Saturday, August 28, 2010

Arsenic & Old Lace

A few months ago a coworker handed me a beautiful lace tablecloth. Not the itchy pretty lace (English?) but more of a crocheted lace. As I clapped my hands in excitement I thought "oooooh what could I make out of this??!!” Then she proceeded to tell me about how it was her mother's and she has a hard time getting rid of things her mother had given her (her mother is deceased). She explained that it was stained and assured me I could do what I wanted with it, she just didn’t want to throw it away.

When I look at old stained tablecloths, my mind spins in circles with a hundred questions. How did those stains get there? Whose was it and how did it happen? What were they doing (and could I have that dress?). What were they talking about? What was going on in their lives and what was the conversation like when this stain happened or that.

“Nobody knew who they were or what were they doing” (ok that will be my one & only Spinal Tap reference for this post).

I put the lace tablecloth in a safe place and have been thinking for months as to what to do with it. Should I try to wash the stains out and add it to the drawer full of table linens that I don’t use? Or should I cut it up and make something completely adorable. I do need an all purpose petticoat/slip. A little lace tablecloth inspiration (still don’t have my new sewing machine):

Tuesday, August 24, 2010

Coffee Date??

A few months ago I downloaded a free pattern  from burda called the “Coffee Date Dress”. It seemed easy enough and well, it was free. I had picked up a bolt of vintage corduroy fruit fabric while thrifting with cousin Lauren on her birthday earlier this year, and couldn’t wait to use it. It has blue watermelons and other “Strange Fruit” all over it AND I got about 8 yards for four bucks!! The original pattern has a ruffle that sort of crosses the front in a swirly sort of way and has options for sleeves. At the time I was working with a VERY old, VERY basic machine so I decided to keep it a simple summer dress. You know because simple summer dresses are made out of heavy corduroy (face-palm). I used the “remnant” end that was sort of dirty so I wouldn’t feel so bad if the dress turned out a total failure. Not bad for a first try, even if it is a little tight. I made a test-dress out of muslin and it was HUGE so I changed the seam allowance when I made the corduroy dress. Note to self: Don’t do that again (unless making the piece out of fabric that is similar to muslin-corduroy is NOT). Then to add insult to injury I left it in the dryer too long and shrunk it (but I got the stains out!).

The second time I tried making the dress I bought some oooober cute brown fabric with little paw prints all over it. The fabric was very light weight and sort of see through, so I decided to line the entire dress. Also, I learned from the fruit dress that I needed a longer bodice to avoid the baby doll look. Of course I decided that I, having no formal training what so ever, should do this my way instead of following the simple instructions. The result? A cute dress that is too short, too tight and too crooked to wear. Being a glass half full type of girl, I like to think that I now have an “incentive” dress. A few months at the gym might make this workable. Worse case scenario, I make a cute petticoat to go under to add some length.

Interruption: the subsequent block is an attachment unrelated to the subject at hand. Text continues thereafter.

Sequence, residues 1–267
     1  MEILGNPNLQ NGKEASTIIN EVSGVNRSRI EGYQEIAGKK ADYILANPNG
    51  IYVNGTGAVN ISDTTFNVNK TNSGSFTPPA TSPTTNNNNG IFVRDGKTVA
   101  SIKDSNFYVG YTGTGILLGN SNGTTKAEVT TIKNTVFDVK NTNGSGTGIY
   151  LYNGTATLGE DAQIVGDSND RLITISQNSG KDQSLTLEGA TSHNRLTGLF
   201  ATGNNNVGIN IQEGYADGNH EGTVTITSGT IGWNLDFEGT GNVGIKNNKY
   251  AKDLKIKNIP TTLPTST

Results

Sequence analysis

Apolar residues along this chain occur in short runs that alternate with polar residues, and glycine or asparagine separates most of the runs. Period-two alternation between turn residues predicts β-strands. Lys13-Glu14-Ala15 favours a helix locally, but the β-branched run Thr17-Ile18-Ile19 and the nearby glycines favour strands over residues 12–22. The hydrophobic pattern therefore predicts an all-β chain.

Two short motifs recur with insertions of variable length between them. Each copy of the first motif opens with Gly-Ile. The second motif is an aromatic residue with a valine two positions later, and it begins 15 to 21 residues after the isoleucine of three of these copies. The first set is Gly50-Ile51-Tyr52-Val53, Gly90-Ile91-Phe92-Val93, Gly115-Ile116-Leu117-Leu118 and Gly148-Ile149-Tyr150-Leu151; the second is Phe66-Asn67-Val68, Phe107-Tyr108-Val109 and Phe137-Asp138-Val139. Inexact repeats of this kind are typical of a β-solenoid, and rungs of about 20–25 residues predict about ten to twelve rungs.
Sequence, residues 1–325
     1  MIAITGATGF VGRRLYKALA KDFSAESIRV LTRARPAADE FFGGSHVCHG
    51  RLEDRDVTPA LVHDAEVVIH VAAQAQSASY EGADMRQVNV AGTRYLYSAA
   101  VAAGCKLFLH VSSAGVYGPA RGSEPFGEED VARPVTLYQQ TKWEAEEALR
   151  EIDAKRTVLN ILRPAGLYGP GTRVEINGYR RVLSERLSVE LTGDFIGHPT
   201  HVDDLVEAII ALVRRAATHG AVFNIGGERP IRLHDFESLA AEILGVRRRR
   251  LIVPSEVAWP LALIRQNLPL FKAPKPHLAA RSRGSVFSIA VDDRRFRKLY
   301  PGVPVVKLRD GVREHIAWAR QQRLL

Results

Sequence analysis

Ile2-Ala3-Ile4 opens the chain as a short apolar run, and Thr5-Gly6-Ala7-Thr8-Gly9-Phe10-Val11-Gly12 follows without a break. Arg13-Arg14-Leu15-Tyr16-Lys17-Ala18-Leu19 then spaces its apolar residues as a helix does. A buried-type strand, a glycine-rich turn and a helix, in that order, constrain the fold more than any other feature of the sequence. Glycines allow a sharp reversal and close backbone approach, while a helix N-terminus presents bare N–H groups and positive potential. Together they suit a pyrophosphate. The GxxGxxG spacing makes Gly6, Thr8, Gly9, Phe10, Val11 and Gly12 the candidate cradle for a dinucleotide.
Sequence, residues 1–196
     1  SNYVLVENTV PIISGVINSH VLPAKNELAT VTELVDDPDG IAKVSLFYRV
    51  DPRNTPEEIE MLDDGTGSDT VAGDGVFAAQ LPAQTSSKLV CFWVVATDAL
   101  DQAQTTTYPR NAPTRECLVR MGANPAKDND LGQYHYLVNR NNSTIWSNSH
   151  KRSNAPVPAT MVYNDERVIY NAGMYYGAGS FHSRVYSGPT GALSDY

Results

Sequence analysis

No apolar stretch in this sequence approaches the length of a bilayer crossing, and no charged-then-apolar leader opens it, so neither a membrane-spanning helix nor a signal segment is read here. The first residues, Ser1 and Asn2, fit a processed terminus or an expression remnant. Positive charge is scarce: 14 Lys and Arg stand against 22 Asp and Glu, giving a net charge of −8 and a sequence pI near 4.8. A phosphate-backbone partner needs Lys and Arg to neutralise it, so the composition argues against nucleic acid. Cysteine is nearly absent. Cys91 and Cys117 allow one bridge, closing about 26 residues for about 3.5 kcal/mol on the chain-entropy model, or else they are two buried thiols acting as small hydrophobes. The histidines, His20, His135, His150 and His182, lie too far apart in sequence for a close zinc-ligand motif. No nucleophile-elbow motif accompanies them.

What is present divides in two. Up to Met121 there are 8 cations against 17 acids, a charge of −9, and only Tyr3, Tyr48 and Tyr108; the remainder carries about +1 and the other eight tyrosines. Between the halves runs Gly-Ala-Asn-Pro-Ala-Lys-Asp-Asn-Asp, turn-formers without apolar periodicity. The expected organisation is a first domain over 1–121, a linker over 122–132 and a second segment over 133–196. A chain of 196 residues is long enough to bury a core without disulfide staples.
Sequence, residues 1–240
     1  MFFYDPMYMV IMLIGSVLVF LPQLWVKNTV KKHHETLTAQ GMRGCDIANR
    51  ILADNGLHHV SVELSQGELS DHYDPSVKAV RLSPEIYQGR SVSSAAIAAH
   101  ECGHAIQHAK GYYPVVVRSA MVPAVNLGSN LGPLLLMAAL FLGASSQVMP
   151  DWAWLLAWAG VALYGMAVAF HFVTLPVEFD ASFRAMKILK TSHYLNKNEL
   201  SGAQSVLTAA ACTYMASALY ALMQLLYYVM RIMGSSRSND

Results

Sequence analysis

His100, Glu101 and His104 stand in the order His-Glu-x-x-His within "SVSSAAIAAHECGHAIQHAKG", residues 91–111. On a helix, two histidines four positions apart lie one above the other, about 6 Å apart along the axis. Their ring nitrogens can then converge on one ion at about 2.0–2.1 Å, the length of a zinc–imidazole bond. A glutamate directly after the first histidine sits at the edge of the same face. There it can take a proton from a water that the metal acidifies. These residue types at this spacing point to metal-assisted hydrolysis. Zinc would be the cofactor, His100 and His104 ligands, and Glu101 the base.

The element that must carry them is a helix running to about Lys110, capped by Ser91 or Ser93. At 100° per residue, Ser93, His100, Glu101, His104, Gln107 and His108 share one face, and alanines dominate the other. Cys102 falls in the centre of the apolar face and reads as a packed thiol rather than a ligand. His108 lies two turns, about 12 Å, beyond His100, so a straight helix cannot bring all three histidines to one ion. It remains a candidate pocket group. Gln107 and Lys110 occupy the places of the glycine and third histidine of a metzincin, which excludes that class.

This one is my favorite.
I’ve got tons of vintage fabrics but I’m always afraid to use them for fear I’ll mess up, which happens more often than not. Some of you facebook followers may remember the Grandma dot inspired 1-hour picnic dress? Disaster! Some day I’ll learn!

Wednesday, August 18, 2010

I once heard someone use the term “clothes line” living…

I once heard someone use the term “clothes line living” and I’ve been trying to put to words what that means to me.  I’m sitting here at my beat up 100+ year old writing desk looking passed the rusty 1880’s Acme claw foot dress form that stands in the corner.  Behind it, through the screen door that goes “whap” when it closes, I can see my clothes line that is sheltered by the back sleeping porch.  I’ve never slept on the sleeping porch, mostly do to the lack of screens but I do try to use the clothes line as much as possible.  I have a habit of washing my vintage or “dry clean only” clothes in the sink and hanging them on the line as I’m fortunate enough to have access to the same sleeping porch through my bathroom.  I’d like to think it will help my clothes last longer, but I’m not sure if that is just a myth I’ve made up in my head. 

This year has been extremely buggy in Wisconsin and our well fed mosquitoes look more like tiny humming birds.  Hence why I haven’t used the clothes line or the porch for that matter much this year.  Sometimes it’s just easier to move the wet clothes the eight inches to the dryer than haul them up the stairs to the clothes line.  It’s funny how moving wet clothes up a flight of stairs seems daunting (when I do happen to think of it).  I remember spending hours watching my granny wash her clothes in her old ringer washing machine.  Then I’d spend all afternoon running clothes up and down the basement steps (which led directly out to the yard) for her.  Since I was too short to reach the line itself, and too weak to carry hampers, she would have big baskets set up on the lawn for me to drop piles of heavy wet clothes into.  Every now & then she’d come up the old cement stairs and I’d run circles around her jabbering on about anything and everything while she moved down the line pinning her giant underpants to the line. She’d laugh and laugh…..

Granny always did (and still does) wash on Mondays.  I asked her once why Mondays and she said “Because that’s wash day” like its universal or something.  Over the years I’ve learned that if you ask any elderly person which day they do their laundry, 99% of the time they will tell you.  Monday.